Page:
Elizabeth Holm uses the tools of computational materials science to study a variety of materials systems and phenomena. Her research areas include the theory and modeling of microstructural evolution in complex polycrystals, the physical and mechanical response of microstructures, mechanical properties of carbon nanotube networks, atomic-scale properties of internal interfaces, machine vision for automated microstructural classification, and machine learning to predict rare events. Computational techniques applied to these problems range from the atomic scale (molecular dynamics) through the mesoscale (Monte Carlo, phase field, cellular automata) to the continuum scale (finite element). A particular focus is identifying useful concepts from data science, including machine learning, machine vision, evolutionary computing, and network analysis, and developing them to answer materials science questions.
The Computer Vision Approach to 3-D Printing
Automatically Evaluating Microstructures
Behind the Researcher: Materials in the Moment
1992 Ph.D., Materials Science and Engineering and Scientific Computing, University of Michigan
1989 SM, Ceramics, Massachusetts Institute of Technology
1987 BSE, Materials and Metallurgical Engineering, University of Michigan
- additive manufacturing
- advanced materials processing and manufacturing
- computational materials science and engineering
- computer vision
- machine learning
- materials computation and informatics
- materials science & engineering
- metallurgy & metallurgical engineering
- microstructural science
- multiscale modeling
Materials Science and Engineering
Carnegie Mellon University hosts 11th North American Materials Education Symposium
In early August, Carnegie Mellon University hosted the 11th North American Materials Education Symposium (NAMES), the first to be held in person since 2019.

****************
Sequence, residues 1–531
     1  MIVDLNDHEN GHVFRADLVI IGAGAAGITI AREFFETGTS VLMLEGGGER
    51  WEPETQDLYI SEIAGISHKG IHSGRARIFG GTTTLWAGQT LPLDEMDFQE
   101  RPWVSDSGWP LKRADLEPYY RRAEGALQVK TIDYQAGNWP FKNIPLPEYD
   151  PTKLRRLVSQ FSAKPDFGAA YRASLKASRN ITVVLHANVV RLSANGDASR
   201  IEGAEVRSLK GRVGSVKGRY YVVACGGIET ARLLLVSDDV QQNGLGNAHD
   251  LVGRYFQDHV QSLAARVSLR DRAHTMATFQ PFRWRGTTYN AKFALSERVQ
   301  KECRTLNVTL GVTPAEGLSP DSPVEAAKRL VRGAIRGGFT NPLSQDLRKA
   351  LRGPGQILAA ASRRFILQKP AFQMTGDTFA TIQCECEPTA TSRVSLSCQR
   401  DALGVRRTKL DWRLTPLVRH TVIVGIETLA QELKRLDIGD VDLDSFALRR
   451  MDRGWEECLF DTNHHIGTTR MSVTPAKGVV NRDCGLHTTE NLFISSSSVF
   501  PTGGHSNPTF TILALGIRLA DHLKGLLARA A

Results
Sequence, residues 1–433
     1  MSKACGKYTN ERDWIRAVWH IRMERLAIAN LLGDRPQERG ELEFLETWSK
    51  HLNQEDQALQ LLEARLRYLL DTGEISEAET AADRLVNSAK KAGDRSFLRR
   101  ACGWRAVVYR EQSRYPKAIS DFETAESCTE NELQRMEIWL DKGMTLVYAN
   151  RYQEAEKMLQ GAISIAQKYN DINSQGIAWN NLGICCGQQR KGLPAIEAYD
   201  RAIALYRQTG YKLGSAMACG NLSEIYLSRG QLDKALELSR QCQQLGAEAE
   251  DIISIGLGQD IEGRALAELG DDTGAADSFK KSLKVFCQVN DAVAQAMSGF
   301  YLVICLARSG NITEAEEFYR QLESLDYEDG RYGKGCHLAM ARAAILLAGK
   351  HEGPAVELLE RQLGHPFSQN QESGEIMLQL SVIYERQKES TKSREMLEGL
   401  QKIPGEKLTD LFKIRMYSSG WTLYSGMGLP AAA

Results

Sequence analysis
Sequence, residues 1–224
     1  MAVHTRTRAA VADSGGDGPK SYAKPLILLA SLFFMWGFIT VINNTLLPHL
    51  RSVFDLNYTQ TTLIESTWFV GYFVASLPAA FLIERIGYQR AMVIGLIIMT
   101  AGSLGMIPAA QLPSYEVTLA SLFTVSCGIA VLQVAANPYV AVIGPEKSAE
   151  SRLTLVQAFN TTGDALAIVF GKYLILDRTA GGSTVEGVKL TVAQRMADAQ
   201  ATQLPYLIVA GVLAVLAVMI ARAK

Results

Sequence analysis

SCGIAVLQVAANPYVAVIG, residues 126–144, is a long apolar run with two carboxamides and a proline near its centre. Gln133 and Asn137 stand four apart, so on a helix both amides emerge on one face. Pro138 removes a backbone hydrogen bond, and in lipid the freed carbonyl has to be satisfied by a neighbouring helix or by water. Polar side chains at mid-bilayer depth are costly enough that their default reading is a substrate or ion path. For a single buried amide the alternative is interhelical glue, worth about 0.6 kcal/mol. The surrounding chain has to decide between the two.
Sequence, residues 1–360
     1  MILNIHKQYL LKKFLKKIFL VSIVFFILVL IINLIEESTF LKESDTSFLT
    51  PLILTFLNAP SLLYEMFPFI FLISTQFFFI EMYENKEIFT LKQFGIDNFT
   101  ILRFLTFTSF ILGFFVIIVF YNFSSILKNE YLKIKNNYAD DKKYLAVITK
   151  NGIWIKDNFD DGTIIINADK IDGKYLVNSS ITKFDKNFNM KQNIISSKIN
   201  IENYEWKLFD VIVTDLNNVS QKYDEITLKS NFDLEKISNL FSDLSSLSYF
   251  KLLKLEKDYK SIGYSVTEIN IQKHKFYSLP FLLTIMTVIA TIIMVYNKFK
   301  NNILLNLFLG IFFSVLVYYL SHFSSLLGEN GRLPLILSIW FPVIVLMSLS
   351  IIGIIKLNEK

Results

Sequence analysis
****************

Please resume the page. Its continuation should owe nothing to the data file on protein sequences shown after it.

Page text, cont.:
CMU Materials Science and Engineering
Holm awarded AIME honorary membership
MSE’s Elizabeth Holm received an Honorary Membership in the American Institute of Mining Metallurgical and Petroleum Engineers for her outstanding service to The Minerals, Metals, and Materials Society and distinguished scientific achievements in computational materials science and engineering.
Materials Science and Engineering
Elizabeth Holm shares AIME Honorary Membership with Andrew Carnegie
Elizabeth Holm, Professor of Materials Science and Engineering received an Honorary Membership in the American Institute of Mining Metallurgical and Petroleum Engineers (AIME)
Data-frugal deep learning optimizes microstructure imaging
Compared to other computer-vision methods, Elizabeth Holm’s approach to characterizing material microstructure requires only 30-50 images to save researchers an abundance of time and money.
Refuting a 70-year approach to predicting material microstructure
Researchers at Carnegie Mellon University have developed a new microscopy technique that maps material microstructure in three dimensions; results demonstrate that the conventional method for predicting materials’ properties under high temperature is ineffective.
the Manufacturing Futures Institute
AI and the future of manufacturing
A panel of manufacturing experts discuss the critical role that artificial intelligence has in strengthening the U.S. economy, improving global competitiveness, elevating national security, and supporting the reliability and robustness of our supply chain.
2021 Engineering faculty award winners selected
Congratulations to the 2021 CMU Engineering Faculty Awards winners.
Holm selected as the ASM Edward DeMille Campbell Memorial Lecturer for 2021
MSE’s Liz Holm has been selected by ASM International as the ASM Edward DeMille Campbell Memorial Lecturer for 2021.
Celebrating Engineers’ Week
Carnegie Mellon University’s College of Engineering is excited to celebrate Engineers’ Week 2021.
Behind the Researcher
The College of Engineering is known for our cutting-edge research, academic rigor, and amazing students, but you might be surprised by some of the other talents of our award-winning faculty.
CMU and CCDC ARL announce new cooperative agreement
Carnegie Mellon University (CMU) and the U.S. Army Combat Capabilities Development Command’s Army Research Laboratory (ARL) have entered into a $3.5 million cooperative agreement that supports machine learning-enabled additive manufacturing.
Holm quoted on college and career
MSE’s Liz Holm was quoted in US News on what a material engineering is and what do do with a materials engineering degree.